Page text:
The president elect is embroiled in a Twitter war over GM’s production of the Chevy Cruze.
It’s no meaningless thing; General Motors’ stock has fluctuated in the wake of Donald Trump’s comments on January 3.
The GM fracas is the latest chapter in the extraordinary hands-on pressure the president elect has exerted on individual American businesses to keep jobs from going overseas. The same day, Ford announced it was cancelling plants to build a plant in Mexico:
Working class voters who lament those lost jobs helped give Trump the White House after he campaigned against free trade and keeping American jobs in the United States.
Here’s what you need to know:
1. Trump Threatened to Impose a ‘Big Border Tax’ on GM
Trump claims that the big automaker is sending a Mexican-made version of the Chevy Cruze to American car dealers, and he wants the car made in the U.S. – or else.
“General Motors is sending Mexican made model of Chevy Cruze to U.S. car dealers-tax free across border. Make in U.S.A. or pay big border tax!” Trump tweeted.
Specifically, reported CNBC, Trump is “claiming the auto giant is making a Cruze model in Mexico and then sending them to U.S. dealers tax free.”
2. GM Responded That American-Sold Chevy Cruze Vehicles Are Mostly Made in Ohio
According to GM, the Chevy Cruze is already mostly manufactured in the United States – in Lordstown Ohio.
The company does manufacturer the car in Mexico for global sales, Reuters reported. According to Reuters a “small number” of the vehicles are sold in the U.S.
“GM builds the Chevrolet Cruze hatchback for global markets in Mexico, with a small number sold in the U.S.,” the company said in a statement.
CNBC reported that GM “sold about 190,000 Cruzes in the U.S. in 2016. About 4,500 of those, or 2.4 percent, were hatchbacks made in Mexico.”
According to USA Today, “Cruze sedans sold in the U.S. are made exclusively at GM’s sprawling factory in Lordstown, Ohio. A plant in Ramos, Mexico, makes the Cruze sedan for foreign markets.”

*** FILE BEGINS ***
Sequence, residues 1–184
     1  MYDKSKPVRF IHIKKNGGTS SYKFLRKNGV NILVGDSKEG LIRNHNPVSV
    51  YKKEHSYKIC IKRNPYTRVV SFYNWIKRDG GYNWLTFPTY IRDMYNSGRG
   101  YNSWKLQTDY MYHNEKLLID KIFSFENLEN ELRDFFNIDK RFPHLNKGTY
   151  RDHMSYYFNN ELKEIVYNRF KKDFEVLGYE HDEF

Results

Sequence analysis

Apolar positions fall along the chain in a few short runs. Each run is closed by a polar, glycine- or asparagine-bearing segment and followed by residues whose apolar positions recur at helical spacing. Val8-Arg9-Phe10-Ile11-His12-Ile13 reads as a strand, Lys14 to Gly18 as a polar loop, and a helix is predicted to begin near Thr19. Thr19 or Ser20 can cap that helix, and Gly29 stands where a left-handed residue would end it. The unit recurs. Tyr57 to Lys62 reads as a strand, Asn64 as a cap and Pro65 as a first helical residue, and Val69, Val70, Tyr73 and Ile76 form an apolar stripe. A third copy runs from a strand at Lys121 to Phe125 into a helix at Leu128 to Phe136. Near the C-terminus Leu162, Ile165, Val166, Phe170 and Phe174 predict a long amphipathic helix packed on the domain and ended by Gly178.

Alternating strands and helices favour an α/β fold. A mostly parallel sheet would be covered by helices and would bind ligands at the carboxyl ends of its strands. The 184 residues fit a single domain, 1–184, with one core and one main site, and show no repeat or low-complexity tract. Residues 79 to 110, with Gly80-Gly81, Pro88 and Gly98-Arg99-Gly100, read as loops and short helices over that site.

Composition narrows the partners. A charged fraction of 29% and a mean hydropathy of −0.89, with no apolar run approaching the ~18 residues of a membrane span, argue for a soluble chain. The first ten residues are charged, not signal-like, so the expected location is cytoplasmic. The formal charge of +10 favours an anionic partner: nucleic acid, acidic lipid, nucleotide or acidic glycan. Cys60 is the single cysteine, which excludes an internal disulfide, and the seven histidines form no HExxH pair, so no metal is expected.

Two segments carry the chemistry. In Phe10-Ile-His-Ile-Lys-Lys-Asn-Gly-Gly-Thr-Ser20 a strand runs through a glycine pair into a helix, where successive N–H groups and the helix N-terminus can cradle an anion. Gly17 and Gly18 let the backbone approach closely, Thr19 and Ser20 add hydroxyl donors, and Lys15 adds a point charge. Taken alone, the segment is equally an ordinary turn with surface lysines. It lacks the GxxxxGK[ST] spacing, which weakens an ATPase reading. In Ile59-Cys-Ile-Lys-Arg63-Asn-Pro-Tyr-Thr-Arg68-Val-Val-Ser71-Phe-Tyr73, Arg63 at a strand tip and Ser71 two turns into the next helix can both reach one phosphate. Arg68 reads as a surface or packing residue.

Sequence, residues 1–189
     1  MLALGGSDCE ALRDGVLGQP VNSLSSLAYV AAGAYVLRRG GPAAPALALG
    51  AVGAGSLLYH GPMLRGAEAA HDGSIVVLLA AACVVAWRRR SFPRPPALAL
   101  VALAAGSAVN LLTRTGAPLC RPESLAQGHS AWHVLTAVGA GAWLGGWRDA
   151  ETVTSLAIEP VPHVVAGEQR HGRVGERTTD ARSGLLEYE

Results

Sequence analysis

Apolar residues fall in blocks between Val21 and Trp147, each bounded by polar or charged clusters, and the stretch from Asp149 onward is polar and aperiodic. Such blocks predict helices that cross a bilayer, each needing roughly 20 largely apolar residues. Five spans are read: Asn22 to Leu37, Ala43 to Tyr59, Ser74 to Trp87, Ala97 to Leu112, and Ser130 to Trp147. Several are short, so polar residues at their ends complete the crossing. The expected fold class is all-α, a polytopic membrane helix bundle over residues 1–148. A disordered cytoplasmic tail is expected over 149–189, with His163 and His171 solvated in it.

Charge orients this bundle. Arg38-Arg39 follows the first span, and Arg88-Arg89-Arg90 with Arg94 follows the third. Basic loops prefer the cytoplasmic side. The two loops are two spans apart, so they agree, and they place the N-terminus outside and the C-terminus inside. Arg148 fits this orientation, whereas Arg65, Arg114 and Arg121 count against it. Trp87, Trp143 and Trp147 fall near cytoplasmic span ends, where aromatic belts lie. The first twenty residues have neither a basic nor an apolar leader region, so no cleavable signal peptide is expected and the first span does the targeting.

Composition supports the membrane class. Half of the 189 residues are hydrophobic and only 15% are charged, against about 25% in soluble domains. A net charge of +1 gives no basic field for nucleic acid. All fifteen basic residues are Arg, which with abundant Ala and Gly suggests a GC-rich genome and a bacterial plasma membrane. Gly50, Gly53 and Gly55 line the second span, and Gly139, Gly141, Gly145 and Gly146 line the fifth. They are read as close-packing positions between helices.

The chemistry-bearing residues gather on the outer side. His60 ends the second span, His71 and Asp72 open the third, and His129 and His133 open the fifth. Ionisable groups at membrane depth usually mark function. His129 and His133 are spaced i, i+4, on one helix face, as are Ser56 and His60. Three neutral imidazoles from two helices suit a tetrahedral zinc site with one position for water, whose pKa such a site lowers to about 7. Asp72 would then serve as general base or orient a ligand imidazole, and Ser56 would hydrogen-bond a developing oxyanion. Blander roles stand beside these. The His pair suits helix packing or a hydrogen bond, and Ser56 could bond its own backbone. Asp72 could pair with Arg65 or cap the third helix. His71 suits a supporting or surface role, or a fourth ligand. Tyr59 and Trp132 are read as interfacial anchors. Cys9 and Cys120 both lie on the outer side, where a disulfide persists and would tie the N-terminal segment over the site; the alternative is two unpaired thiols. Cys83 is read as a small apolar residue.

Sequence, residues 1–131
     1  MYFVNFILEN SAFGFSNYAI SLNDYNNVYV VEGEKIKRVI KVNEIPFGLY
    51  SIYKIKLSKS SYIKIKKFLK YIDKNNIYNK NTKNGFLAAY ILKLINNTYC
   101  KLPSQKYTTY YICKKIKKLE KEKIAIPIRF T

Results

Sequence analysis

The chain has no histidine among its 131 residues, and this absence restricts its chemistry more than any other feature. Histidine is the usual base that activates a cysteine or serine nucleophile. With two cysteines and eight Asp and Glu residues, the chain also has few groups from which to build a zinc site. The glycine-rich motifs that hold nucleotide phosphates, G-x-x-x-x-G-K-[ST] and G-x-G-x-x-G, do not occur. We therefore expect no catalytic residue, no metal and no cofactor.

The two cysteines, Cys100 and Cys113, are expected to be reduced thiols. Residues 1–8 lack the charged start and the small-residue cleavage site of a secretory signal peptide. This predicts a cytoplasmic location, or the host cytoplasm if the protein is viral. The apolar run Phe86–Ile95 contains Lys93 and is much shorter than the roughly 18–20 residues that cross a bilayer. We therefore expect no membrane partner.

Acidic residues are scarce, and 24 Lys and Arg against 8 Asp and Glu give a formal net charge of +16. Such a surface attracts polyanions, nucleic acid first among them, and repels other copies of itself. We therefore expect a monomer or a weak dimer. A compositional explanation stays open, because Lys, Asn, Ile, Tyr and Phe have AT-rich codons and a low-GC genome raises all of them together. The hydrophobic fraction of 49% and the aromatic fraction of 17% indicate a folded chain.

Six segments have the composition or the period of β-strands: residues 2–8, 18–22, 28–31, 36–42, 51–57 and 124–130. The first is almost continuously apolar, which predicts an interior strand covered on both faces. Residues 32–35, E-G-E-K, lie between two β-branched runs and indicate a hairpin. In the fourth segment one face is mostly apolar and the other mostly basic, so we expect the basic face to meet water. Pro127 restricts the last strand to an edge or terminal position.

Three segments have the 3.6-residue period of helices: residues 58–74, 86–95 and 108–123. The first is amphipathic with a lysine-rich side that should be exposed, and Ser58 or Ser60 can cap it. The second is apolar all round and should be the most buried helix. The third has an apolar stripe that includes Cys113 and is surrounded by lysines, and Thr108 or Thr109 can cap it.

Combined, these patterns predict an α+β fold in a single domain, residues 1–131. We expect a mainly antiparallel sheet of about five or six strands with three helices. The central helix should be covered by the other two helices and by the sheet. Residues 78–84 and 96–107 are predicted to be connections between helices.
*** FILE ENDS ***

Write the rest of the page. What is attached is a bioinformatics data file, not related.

3. GM’s Stock Fell & Rose After Trump’s Tweet
Showing the power of any tweet from the Leader of the Free World, GM’s stock price fluctuated after the Trump remark.
USA Today reported the stock price fell 0.5% in pre-market trading.
Trump’s GM criticism fits into his campaign rhetoric against the North American Free Trade Agreement, which he blames for “speeding the transfer of U.S. automotive production to Mexico,” USA Today reported.
Some have argued that restricting imports could cause economic harm, reported BBC.
4. Trump Has Taken a Hands-on Approach to Keeping Business in the United States
It’s not the first time that Trump has demanded that a specific business keep jobs in the U.S.
He earned favorable headlines when, shortly after the election, he claimed he (and VP Mike Pence) had worked out a deal to keep some jobs of Carrier, an Indiana company, in the U.S. The company will receive $7 million in incentives, but some have said the deal is not as significant as Trump made it sound.
He also has tweeted about Boeing and Lockheed Martin in an effort to reduce military spending costs of fighter jets.
Trump adviser Kellyanne Conway said Trump personally sent out the GM tweet.
5. Trump Won Michigan By a Slim Margin
Trump won both Ohio – where the Cruze is manufactured for U.S. markets – and Michigan, traditional home to the Big Three American automakers.
The Michigan margin was extremely tight. Trump prevailed in the traditionally blue state by just over 10,000 votes. He also staged several massive rallies in Michigan as he competed for a state that hadn’t gone Republican since 1988.
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